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Toilet paper Christmas caper

Stacey GustafsonAll I know is karma’s a bitch. And never cop an attitude with an usher when you’re dragging toilet paper on your shoe.

Last year, my mother braved Midwest blizzards, traffic and the airport to visit my family of four for Christmas in California. Our fun-filled week consisted of spiked eggnog, story telling, old movies and the mandatory trip to San Francisco.

A commercial break during “A Christmas Story” advertised Riverdance, the popular Irish stepdancing group. Redheaded lads and lassies clicked across the stage.

“Forget about seeing the Christmas Carol or the Nutcracker, can we see Riverdance?” asked my mom.

I wanted to make her visit as memorable as possible and sprung for the good seats at the Curran Theatre in San Francisco. On Christmas Eve, we bundled up in long woolen coats, lined gloves and scarves and loaded into our van, but before long traffic ground to a snarl.

“Gosh, we’re going to be late.” I said to my husband.

“No worries,” Mike said glancing at the dashboard clock. “We have an hour to park the car and find our seats. Relax.”

We zoomed into the parking garage and hustled across the street to the theater, fifteen minutes to spare. Crowds clogged the lobby like stuffed animals on the shelf at Target. We shouldered to get to the ticket collector at the sold-out event.

“Tickets, please,” said the tall, dark-haired gentleman.

“I’m so excited, “ I said, holding out my ticket.

“Ten minutes ‘til curtain time,” he droned with a sigh. “Better grab your seat lady.”

We raced to the mezzanine level on the second floor. “I’ll meet you inside,” I said to my hubby. “Going to use the restroom.” He gave me my ticket, grabbed the kids’ hands and entered, my mother racing to keep up.

A sign pointed downward for “Mademoiselle.” “You’ve got to be kidding?” I mumbled to myself. The bathroom, located down two flights of stairs in a dreary sub-basement, had a line that coiled around the staircase like a serpent.

“Excuse me,” I asked a buxom gal with dangly earrings. “Is this for the ladies’ room?”

“Yep, only three stalls,” she said with a shake of her head.

Gotta go. Too late to turn back.

The five-minute bell tolled and concerned faces stared back at me. Oh crap, I thought, I’ll never make it now.

The line unexpectedly opened up. I dashed in and out then scooted past the panicky crowd to the second floor.

Outside the mezzanine entrance, I spotted the usher, a pie-faced older woman with limp, mousey hair and beady eyes. Wearing tight khaki pants, a navy blazer and low-heeled pumps, she cut off my entrance with her meaty arm.

“Sorry, doors closed,” she said with a sneer, holding a flashlight. “You’ll have to wait for a break before you can enter.”

“Oh, you don’t understand,” I whined. “It wasn’t my fault. The bathroom line was too long.”

“Rules are rules. You. Must. Wait.”

I peered past her shoulder pads and caught a flash of tartan and black tap shoes.

“Try and stop me,” I warned and pushed her aside with my forearm like an NFL linebacker. Her flashlight clattered down the hallway. The darkness absorbed me as I groped my way to Row B.

“You almost missed the beginning,” said my guy as I plopped down on my seat. He grabbed my clammy hand. “Are you OK?”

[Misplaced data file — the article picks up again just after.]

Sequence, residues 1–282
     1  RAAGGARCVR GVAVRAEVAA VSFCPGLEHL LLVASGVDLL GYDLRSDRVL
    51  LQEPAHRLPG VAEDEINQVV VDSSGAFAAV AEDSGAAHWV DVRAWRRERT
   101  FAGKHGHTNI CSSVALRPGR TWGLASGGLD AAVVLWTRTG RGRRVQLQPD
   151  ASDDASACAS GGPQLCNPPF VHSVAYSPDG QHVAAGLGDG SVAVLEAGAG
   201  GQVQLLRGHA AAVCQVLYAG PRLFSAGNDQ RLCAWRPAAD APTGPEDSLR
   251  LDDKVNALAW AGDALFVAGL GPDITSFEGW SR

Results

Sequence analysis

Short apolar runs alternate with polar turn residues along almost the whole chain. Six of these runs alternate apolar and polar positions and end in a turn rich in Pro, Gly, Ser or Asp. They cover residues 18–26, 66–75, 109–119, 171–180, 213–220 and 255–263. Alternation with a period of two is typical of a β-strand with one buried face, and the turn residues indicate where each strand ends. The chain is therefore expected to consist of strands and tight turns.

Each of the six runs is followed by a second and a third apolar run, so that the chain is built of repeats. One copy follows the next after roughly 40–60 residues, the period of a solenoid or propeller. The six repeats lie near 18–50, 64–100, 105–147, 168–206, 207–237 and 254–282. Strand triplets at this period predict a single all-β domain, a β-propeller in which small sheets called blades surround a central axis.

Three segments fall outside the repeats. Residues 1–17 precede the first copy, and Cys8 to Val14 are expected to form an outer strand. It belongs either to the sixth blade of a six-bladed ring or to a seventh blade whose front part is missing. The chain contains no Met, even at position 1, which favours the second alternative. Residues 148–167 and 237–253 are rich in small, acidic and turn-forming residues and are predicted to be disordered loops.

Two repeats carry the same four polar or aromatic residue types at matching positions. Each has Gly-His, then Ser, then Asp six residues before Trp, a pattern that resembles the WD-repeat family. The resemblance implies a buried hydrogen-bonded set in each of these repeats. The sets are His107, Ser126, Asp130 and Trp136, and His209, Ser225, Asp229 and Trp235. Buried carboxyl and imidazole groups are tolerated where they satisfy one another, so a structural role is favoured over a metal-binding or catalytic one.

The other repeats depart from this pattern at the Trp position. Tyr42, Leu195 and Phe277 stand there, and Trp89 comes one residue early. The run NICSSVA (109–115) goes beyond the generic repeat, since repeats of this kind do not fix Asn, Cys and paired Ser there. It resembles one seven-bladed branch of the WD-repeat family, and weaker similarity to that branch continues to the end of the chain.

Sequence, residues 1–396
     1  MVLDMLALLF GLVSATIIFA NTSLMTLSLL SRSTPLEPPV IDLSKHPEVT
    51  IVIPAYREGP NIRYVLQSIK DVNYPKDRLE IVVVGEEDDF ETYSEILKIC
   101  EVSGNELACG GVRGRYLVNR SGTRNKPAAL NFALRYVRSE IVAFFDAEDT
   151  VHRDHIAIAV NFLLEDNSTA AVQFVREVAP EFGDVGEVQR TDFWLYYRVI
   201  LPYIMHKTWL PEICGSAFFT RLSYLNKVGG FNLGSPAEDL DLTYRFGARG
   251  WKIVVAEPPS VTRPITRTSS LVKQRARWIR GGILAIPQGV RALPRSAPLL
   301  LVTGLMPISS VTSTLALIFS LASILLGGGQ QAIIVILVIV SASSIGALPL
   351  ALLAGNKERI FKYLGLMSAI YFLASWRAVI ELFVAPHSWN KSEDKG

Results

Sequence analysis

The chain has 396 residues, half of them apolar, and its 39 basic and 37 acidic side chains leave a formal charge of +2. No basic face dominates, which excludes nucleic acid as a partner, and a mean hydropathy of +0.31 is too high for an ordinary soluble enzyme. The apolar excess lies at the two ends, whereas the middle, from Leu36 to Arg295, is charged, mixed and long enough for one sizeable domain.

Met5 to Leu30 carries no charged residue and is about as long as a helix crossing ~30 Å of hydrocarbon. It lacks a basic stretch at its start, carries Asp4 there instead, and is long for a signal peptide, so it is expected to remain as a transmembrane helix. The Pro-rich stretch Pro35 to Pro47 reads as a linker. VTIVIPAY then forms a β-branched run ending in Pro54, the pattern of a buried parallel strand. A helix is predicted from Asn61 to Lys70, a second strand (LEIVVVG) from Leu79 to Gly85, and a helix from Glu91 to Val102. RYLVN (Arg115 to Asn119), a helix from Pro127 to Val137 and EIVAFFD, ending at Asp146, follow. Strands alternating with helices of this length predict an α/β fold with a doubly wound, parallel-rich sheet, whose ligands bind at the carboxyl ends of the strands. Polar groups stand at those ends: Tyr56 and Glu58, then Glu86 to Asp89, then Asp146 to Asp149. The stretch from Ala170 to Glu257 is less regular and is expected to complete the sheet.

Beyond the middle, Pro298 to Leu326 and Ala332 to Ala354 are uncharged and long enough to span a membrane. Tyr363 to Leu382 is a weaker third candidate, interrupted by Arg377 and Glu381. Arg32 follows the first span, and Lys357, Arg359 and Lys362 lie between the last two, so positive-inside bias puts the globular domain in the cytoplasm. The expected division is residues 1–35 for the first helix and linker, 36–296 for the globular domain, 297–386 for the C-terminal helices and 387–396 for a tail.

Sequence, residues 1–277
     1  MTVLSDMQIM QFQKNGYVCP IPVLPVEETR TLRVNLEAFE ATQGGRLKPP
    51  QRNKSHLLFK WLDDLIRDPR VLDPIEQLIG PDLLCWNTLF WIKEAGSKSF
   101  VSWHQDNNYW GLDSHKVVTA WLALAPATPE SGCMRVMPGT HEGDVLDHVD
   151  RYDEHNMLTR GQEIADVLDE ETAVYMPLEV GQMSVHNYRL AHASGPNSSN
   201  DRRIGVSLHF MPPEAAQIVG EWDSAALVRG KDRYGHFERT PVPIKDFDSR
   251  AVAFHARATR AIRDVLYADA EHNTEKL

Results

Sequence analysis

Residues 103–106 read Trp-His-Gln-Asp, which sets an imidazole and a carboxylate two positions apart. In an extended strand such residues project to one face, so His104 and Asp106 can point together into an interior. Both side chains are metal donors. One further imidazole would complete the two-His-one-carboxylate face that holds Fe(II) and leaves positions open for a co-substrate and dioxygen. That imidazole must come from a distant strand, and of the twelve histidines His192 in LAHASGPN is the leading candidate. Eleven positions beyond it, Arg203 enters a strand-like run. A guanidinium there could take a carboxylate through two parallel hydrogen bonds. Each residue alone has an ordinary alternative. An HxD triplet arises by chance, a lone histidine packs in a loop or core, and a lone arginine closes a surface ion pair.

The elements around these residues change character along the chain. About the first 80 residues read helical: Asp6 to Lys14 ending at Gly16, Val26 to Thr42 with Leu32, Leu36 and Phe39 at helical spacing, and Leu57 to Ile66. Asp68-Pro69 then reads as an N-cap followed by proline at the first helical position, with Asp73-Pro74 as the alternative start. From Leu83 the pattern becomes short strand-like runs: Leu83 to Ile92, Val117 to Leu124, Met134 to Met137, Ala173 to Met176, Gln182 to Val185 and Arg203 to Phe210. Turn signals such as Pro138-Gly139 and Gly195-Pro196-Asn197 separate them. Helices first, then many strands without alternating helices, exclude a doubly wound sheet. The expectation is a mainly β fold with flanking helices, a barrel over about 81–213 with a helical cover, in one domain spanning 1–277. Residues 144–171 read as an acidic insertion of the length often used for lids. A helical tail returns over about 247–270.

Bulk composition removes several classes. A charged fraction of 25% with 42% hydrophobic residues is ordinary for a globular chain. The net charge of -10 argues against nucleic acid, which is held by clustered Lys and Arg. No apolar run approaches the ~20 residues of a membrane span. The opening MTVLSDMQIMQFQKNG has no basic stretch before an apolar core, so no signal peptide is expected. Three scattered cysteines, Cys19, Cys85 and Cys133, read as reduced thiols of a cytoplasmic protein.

“I’m fine,” I said.

If you consider assault and battery no big deal.

After two and half hours of rapid-fire footwork from mini-skirted girls and leather-panted boys, the crowd stood on their feet for the final bravo.

We squeezed out the exit and I spotted a vacant handicapped restroom on the main level. I knew I shouldn’t have ordered a large double cappuccino at intermission. The drive home was over an hour. Hubby took one look at my face and said, “No way. We’re in a hurry. Want to beat the crowd.”

Despite his protests, I lurched inside the tiny bathroom. I finished as fast as an Irish jig, swished my hands under the water, yanked down a paper towel and rushed out the doorway. Standing a few feet from the bathroom exit was Pie Face. With her flash light. She glared at me and then her mouth curled into a smirk.

What’s so funny, Shoulder Pads?

She aimed the heavy duty LED Maglite at my shoes and then my face. Through the light, I could barely make out my family leaning against the wall. My daughter was doubled over in laughter. “Oh. My. God,” she said. “Look down.”

Stuck to the bottom of my shoe was a five-foot toilet paper trail, double ply. My family watched in horror and delight as I bent to yank it off. I brushed my skirt smooth and felt the slight crinkle of tissue paper. “For God’s sake. Let me help you,” said my mother. She reached around my body to pluck off a toilet seat cover from the back of my skirt.

I pulled my coat over my head and bolted into the crowd toward the exit doors.

“Come back soon,” said Pie-Face with a wide grin.

— Stacey Gustafson

Stacey Gustafson is an author, humor columnist and blogger who has experienced the horrors of being trapped inside a pair of SPANX. Her work has appeared in Chicken Soup for the SoulNot Your Mother’s Books, Midlife Boulevard, More Magazine, Better After 50, Erma Bombeck Writers’ Workshop, Lost in Suburbia and on her daughter’s bulletin board. She lives in California with her husband and two teenagers who provide an endless supply of inspiration. Her book, Are You Kidding Me? My Life With an Extremely Loud Family, Bathroom Calamities, and Crazy Relatives, was released September 2014, available on Amazon. Visit Stacey at StaceyGustafson.com or follow her on Twitter @RUKiddingStacey.

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